Issue 64 is here during the quieter season of the year. I’m sure you are as happy as me to get these week links to read. Enjoy your week embedded systems aficionados!
PS: We received some interesting inputs after the the issue #63 introduction on job offers. I’m working on something that I hope you’ll like. Stay tune!
An isolated analog input for Arduino
The signals from field sensors can be affected by noise generated by power surges, lightning strikes or other EMI (Electromagnetic Interference) sources and also by ground potential differences. One method to avoid most of these problems is to use a complete isolation from the field.
Space Invaders FPGA Game
Who said Verilog is not a language that can be used to make fun things?
Add unit tests to your current project with Ceedling
You want to try unit testing your embedded software but there’s a problem – you’ve got an existing project and a whole lot of code already written. Maybe it’s even embedded legacy code. You can build, load and run your application just fine from your IDE. But where do the tests go and how do you run them? And what does it mean for your existing project? Well, it turns out that you can add Ceedling to your project and run it independently from your IDE and release build. And by the way you can find the Ceedling code repository there
zForth: tiny, embeddable, flexible, compact Forth scripting language for embedded systems
zForth is yet another Forth, but with some special features not found in most other forths. Note that zForth was written for engineers, not for language purists or Forth aficionados. Its main intention is to be a lightweight scripting language for extending embedded applications on small microprocessors. It is not particularly fast, but should be easy to integrate on any platform with a few kB’s of ROM and RAM.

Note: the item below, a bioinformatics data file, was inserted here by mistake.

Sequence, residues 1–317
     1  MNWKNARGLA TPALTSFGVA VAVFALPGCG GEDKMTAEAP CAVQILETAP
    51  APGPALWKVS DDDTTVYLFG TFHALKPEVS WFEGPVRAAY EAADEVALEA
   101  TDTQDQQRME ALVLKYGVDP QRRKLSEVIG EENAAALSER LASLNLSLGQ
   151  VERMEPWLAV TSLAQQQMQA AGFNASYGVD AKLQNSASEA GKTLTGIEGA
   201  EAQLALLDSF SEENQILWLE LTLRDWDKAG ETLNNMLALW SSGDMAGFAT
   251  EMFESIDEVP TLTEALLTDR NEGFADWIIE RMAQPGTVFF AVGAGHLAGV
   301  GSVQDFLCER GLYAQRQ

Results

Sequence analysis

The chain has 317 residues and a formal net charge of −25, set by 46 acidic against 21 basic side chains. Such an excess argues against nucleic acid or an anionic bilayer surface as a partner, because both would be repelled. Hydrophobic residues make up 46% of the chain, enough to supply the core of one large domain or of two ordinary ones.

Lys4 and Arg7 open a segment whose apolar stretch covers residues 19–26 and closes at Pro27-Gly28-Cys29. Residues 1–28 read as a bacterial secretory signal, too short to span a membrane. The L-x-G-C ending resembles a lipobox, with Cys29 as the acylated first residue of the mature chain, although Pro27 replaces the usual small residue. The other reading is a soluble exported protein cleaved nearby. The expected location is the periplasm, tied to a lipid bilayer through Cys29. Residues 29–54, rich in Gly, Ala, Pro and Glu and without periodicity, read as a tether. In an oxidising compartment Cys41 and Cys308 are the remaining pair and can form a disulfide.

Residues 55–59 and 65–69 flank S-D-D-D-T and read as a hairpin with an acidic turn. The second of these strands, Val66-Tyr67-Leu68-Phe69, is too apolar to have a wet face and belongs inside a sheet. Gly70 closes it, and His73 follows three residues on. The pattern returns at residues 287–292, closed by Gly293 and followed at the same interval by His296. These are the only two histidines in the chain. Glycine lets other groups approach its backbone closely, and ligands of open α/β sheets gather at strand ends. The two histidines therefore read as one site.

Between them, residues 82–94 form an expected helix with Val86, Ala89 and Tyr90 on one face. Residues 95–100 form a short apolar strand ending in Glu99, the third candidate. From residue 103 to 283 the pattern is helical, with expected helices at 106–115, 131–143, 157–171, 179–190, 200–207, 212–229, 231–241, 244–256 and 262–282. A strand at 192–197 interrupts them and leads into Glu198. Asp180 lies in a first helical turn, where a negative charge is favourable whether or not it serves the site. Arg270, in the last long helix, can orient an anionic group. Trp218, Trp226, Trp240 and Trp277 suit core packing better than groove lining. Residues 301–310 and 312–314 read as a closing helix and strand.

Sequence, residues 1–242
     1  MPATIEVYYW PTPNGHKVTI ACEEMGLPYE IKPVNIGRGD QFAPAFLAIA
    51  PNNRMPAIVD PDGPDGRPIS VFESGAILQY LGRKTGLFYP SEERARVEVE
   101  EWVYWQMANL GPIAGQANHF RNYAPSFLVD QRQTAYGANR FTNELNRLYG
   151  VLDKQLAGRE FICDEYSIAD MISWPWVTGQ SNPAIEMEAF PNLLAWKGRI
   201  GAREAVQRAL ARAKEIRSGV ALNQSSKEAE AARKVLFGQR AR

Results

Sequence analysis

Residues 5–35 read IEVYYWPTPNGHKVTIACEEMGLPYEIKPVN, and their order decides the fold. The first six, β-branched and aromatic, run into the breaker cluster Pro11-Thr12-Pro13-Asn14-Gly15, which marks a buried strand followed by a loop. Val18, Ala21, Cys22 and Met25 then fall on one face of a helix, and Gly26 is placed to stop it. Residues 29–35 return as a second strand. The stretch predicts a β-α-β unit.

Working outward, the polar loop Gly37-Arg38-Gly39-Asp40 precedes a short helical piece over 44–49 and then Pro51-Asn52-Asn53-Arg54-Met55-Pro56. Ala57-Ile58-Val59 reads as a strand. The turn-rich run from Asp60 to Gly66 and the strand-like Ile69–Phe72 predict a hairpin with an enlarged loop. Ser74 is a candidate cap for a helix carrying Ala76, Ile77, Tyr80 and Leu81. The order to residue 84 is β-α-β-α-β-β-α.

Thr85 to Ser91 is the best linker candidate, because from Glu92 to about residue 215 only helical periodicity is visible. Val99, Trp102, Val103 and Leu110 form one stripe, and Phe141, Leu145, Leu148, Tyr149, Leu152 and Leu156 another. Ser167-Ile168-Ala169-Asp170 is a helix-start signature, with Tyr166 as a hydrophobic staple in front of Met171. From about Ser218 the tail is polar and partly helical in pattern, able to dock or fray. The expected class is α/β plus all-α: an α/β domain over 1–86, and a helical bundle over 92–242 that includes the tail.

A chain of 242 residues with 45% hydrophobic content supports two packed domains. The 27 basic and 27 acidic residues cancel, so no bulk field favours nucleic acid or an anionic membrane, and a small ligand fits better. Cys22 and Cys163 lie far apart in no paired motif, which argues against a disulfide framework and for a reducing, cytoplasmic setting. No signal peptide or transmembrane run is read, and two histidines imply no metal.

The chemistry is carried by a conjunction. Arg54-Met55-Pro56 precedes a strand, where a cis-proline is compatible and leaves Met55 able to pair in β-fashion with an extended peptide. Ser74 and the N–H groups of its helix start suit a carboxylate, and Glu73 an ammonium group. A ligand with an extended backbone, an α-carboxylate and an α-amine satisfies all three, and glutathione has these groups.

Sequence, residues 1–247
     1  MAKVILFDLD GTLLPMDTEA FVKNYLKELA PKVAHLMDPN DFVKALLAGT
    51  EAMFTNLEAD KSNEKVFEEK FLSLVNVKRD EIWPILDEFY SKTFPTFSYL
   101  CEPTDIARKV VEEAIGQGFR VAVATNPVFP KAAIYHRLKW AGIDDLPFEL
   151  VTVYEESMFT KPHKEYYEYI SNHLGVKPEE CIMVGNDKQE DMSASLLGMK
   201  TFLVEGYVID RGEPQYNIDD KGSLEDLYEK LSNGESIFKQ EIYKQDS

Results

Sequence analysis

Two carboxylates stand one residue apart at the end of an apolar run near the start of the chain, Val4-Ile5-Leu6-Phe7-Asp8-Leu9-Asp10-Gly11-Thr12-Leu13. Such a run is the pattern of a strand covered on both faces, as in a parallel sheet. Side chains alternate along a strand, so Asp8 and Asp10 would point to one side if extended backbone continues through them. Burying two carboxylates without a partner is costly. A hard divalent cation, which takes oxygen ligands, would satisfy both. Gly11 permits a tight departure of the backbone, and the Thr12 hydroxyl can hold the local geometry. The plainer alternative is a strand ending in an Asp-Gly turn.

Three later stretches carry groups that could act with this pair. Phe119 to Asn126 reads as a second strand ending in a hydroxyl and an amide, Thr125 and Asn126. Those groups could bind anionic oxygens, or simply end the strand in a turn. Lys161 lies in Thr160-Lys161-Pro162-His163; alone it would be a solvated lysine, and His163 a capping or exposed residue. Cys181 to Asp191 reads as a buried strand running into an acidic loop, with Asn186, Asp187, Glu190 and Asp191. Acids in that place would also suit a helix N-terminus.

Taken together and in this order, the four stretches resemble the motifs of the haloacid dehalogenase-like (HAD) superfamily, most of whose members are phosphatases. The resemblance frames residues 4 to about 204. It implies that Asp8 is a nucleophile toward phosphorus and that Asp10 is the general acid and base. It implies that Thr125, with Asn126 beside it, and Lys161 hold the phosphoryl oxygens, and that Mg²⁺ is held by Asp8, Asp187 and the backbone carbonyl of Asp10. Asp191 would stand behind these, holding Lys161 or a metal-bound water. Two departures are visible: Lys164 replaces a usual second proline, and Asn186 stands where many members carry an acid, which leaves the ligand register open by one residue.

Micro-Virtualization Memory Tracing to Detect and Prevent Spraying Attacks
Presentation of Graffiti, an efficient hypervisorbased memory analysis framework for the detection and prevention of spraying attacks.
An open source 3D Scanner made with Raspberry Pi
By making use Raspberry Pi, they created an easy to build 3D scanner to be used for the acquisition of three-dimensional models via a video camera and a laser
Making Microchips at Home - Cooking with Jeri
In this video, Jeri Ellsworth shows how to cleave wafers, remove native oxide, test the dopant type with a hot probe test and loading the furnace.
Mumai: Use the power of your muscles to interact with the world
Mumai is an open-source muscle-machine interface that connects your body to any kind of electronic or mechanic device through the myoelectric (EMG) signals generated by your muscles.